A New Strategy for Job Enrichment

by J. Hackman, Robert Janson, Kenneth Purdy, Greg Oldham



The article focuses on new strategy for job enrichment. Job enrichment, which began with the pioneering work of sociologist Frederick Herzberg and his associates, originally was intended as a means to increase the motivation and satisfaction of people at work and to improve productivity in the bargain. Now it is being acclaimed in the popular press as a cure for problems ranging from inflation to drug abuse. Much current writing about job enrichment is enthusiastic about what it can accomplish. Job enrichment has been described as yet another management fad, and even as a fraud. Reports of job enrichment failures are beginning to appear in management and psychology journals. This article attempts to redress the excesses that have characterized some of the recent writings about job enrichment. As the technique increases in popularity as a management tool, top managers inevitably will find themselves making decisions about its use. The intent of this paper is to help both managers, and behavioral scientists become better able to make those decisions on a solid basis of fact and data.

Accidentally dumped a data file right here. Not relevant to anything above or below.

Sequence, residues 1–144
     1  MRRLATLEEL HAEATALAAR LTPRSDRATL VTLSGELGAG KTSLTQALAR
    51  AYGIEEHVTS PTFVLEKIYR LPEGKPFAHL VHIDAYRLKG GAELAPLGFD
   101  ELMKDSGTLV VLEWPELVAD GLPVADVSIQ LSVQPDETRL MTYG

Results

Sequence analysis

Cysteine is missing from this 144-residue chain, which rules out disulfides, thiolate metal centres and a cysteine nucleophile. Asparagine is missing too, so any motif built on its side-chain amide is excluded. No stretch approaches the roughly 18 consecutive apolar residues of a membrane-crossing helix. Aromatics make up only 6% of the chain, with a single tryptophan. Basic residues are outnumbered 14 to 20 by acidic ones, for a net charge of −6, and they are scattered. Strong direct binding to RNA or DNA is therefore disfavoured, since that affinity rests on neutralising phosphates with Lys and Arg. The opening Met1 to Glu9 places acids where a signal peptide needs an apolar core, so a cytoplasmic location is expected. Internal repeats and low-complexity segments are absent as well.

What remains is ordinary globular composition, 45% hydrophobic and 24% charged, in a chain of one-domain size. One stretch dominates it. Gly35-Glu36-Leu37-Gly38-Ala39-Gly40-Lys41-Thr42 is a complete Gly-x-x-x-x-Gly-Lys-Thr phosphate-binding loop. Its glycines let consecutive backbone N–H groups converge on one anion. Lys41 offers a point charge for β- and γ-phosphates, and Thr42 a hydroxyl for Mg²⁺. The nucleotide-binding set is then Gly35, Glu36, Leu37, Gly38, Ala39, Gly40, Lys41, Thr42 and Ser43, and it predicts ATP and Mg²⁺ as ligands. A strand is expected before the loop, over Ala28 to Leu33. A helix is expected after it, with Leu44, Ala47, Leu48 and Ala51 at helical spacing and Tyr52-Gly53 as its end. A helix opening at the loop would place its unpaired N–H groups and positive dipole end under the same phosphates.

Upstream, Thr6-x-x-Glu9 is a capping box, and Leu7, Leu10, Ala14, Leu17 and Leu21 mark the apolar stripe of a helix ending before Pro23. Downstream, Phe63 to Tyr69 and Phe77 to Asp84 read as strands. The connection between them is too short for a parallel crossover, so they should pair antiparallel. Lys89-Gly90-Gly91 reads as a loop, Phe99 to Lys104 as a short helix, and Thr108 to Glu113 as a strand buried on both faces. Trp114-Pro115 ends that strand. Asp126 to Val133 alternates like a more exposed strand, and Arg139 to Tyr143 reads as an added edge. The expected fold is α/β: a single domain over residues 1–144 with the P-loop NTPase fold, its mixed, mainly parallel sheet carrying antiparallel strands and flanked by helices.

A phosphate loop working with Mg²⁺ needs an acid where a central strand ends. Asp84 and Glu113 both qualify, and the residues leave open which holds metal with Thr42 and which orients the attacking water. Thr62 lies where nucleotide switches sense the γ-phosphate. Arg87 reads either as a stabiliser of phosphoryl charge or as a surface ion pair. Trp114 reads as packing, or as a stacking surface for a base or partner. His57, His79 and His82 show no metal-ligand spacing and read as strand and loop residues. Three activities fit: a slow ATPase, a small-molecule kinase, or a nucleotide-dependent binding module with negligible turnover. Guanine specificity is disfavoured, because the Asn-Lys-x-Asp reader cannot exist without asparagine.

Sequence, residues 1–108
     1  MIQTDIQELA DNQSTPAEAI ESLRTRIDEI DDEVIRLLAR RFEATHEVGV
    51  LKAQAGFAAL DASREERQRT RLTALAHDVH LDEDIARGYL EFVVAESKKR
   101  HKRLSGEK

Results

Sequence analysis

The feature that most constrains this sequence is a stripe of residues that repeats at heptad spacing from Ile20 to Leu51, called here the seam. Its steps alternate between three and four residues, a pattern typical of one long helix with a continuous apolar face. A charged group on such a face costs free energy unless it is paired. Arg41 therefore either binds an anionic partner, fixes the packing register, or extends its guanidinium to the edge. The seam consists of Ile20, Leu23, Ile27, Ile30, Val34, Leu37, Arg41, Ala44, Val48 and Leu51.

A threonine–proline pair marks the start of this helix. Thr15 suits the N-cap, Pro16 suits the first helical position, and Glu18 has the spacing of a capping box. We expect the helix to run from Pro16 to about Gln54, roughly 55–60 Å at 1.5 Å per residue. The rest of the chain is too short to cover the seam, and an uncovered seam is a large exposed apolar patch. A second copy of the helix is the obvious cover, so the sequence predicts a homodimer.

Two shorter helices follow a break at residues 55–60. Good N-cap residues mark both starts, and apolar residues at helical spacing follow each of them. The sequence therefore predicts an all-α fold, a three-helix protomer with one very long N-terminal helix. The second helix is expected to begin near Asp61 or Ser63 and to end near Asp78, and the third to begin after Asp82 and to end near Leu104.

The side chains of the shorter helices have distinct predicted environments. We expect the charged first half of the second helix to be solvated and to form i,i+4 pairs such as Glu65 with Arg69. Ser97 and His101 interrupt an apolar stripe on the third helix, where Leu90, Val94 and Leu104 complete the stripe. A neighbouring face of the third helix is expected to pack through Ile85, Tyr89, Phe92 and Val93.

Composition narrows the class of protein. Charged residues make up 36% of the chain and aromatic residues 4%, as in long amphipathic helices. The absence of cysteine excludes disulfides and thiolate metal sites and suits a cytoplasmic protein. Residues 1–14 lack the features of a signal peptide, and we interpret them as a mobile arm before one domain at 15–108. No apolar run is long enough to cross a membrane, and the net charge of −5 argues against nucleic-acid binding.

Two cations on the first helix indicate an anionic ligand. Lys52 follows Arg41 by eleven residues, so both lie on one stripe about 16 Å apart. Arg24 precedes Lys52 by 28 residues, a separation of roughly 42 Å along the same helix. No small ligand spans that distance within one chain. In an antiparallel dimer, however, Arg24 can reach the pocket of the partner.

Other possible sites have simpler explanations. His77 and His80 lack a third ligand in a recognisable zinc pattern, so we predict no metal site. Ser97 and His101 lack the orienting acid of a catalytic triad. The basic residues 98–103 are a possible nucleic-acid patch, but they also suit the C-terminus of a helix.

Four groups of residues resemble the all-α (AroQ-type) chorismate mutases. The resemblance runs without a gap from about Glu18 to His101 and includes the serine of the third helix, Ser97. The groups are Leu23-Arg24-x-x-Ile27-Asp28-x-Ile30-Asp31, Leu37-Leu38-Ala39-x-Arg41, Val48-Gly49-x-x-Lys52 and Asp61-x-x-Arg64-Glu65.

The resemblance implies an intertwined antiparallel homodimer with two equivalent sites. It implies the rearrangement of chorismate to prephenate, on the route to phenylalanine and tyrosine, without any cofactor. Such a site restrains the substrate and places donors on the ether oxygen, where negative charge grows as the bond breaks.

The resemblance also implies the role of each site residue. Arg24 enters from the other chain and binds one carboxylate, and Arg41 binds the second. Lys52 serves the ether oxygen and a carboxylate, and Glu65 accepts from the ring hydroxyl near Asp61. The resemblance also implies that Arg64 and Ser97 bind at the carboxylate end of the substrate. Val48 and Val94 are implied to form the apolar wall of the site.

California Management Review

Berkeley-Haas's Premier Management Journal

Published at Berkeley Haas for more than sixty years, California Management Review seeks to share knowledge that challenges convention and shows a better way of doing business.

Learn more
Follow Us